These days got me into solving competitive coding problems for placement preparations. Starting off this regular practice is such a tiresome process. I end up getting frustated most of the time with silly mistakes and the segmentation faults are the worst nightmare.

We're prone to make mistakes while typing code and especially with pointers, it is a pure mess. These tiny mistakes, wrong pointer usages result in undesired output and they have the powers to conceal themselves from your eyesight. "Read the code thrice, all looks good. It should be the machine which is wrong."

Man, I have std::cout

First thing we try to do is to insert print statements inbetween. "I doubt that, really control reaches this line. Let me insert cout<<"test1"". "This variable not seems good, let me print it before and after the expression."

CHj5mr3

We've been doing this since the days we learnt to code and it works. But this is painful and I often end up printing lot of lines to stdout in which I could find the mistakes nowhere. Segmentations faults result in misuse of pointers and finding them needs you to go through your code multiple times.

Let me introduce the magic

Here I present you the concept of debuggers. Debuggers are tools developed in order to aid you in debugging code and much more. Let's stick on to c++ for this tutorial, as debugging concept stays the same for all languages. "So, this is tutorial on how to use a debugger?" Nah, there are plenty availble out there and now let me try to convince you to use one.

Perks of using a debugger

Debuggers such as gdb allow you to attach to a running process, examine it's memory, callstack, view the subsequent m/c instructions, view the registers of that process (beleive me!) and a hell lot more. "oh, wait! I'd rather use std::cout than messing up with registers and memory."

You won't be in need of these indepth usage of debuggers and also most of the IDE's or editors you use, have debuggers built in. IDEs make the learning curve steep and it's worth to give a try. You'll never regret it

Let me list down few simple use cases that are life saviours for competitive coding problems. All the below can be done in a IDE GUI, without pain.

  • Stop the program at any line (breakpoint), and view the values of all local and global values at that point.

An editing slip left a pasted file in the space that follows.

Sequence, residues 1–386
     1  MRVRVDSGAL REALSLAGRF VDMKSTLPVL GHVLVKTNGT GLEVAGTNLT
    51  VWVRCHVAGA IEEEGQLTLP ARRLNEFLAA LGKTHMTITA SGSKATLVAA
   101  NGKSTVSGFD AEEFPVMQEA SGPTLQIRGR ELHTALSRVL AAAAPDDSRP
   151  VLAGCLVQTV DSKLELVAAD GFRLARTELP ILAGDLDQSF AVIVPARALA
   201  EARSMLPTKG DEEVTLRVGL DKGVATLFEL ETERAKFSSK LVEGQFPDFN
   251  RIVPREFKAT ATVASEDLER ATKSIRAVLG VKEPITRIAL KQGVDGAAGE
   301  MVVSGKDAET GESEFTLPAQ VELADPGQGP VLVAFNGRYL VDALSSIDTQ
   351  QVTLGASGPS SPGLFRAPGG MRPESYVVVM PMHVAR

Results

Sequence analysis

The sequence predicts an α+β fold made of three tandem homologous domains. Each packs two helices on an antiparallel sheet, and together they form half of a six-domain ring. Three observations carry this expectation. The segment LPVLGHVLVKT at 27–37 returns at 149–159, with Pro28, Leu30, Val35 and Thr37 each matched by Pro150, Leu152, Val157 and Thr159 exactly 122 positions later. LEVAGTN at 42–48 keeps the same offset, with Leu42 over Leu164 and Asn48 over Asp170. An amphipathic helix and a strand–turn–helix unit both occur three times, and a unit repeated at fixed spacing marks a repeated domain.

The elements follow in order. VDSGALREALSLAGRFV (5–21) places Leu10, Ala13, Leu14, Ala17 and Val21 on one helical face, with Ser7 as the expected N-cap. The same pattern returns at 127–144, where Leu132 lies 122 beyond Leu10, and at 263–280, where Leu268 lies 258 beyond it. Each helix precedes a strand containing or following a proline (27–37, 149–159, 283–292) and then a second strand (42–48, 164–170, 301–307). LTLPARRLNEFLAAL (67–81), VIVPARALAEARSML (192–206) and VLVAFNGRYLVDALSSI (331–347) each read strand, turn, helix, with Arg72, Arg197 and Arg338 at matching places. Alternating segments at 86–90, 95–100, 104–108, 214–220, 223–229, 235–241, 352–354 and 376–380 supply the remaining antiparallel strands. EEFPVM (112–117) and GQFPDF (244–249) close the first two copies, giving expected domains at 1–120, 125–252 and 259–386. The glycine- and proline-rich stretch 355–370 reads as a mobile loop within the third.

• Run the program, one line at a time to find the control path (step over)
  • View the call stack, with the values of the arguments passed on to that function. This is your handy tool when using recursion as you can see the values with which the recursive funtion is called each time.

These three uses will start you off with a debugger and once you get used to it, you can get yourself dirty with it. Don't underestimate the power of debugger. I'll continue this post with an example for the 3 use-cases.

#1 - Breakpoints

Let's start with breakpoints. A breakpoint stops the flow of execution at that point and let you examine or continue. Consider the below snippet with a segmentation fault. (I'm dereferencing a NULL pointer)

int main() {
  int *p;
  int a = 5;
  p = &a;
  p = NULL;
  cout<<a;
  cout<<*p;
}

This seems lame, but you can find true segmentaion faults by examining at breakpoints. I've attached the screenshot of my debugger (VScode). You're free to use your own.
I added two breakpoints, one at line 9 (left), and another at line 11 (right).

breakpoint

You can see the values of the variables being shown at the side bar. It shows the address to which the pointer points to and also the value at that address. The right image clearly shows that p points to 0x00 which is the very first address (means NULL).

Debuggers have come a long way. When I try to run this program without breakpoints, VSCode automatically shows where the problem is.

sigsegv

Apart from segmentation faults, undesired outputs also can be solved by examining the variables at specific breakpoints.

#2 - Stepping over

Executing your code, one line at a time and examining the values, can get you the control flaws you've made. Let's take another example

int main() {
  for(int i=0; i<5; i++) {
    if(i==2)
      cout<<"oh no! i is 2"; 
      break;
    cout<<i<<endl;
  }
}

I meant to break the loop when i becomes 2. I have this habit of not using {} when there is only one statement. Then I decide to insert a print when breaking. So when I added cout<<"oh no! i is 2";, I by mistake made break come outside if and this is going to break the loop on first run. (I have made this same mistake once, and spent considerable time finding it.) Let's debug this now.

This clearly shows where I went wrong.

#3 - Call stack

Examining call stack shows all the instances of functions called and the parameters passed to them. with many recursive calls, you have no other go than using debuggers.
Let's try the following snippet.

void doIt(int c) {
  if(c) doIt(c--);
}

int main() {
  doIt(2);
}

The above snippet is meant to stop on two calls. But it runs infinitely.
The call stack of the debugger shows

call-stack

Clicking on each call, shows it's local variables. Each call here has c=2 which should have decremented. You get it? It should be --c and not c--.

So, how to start?

The GNU debugger - gdb is the underlying tool and it takes time to get used to it. I don't recommend starting directly with that. For now, start with the debugger that comes with your IDE.
I prefer VScode, but even sublime should do.

Debuggers need symbol table information to work properly, for gcc or g++ this comes by compiling your code with -g flag.

The visual studio Express (not VScode) has the debugger out of the box.
You easily can find tutorials on setting up debugging. Once you set it up, everything is a button away. Feel free to ping me on any clarifications.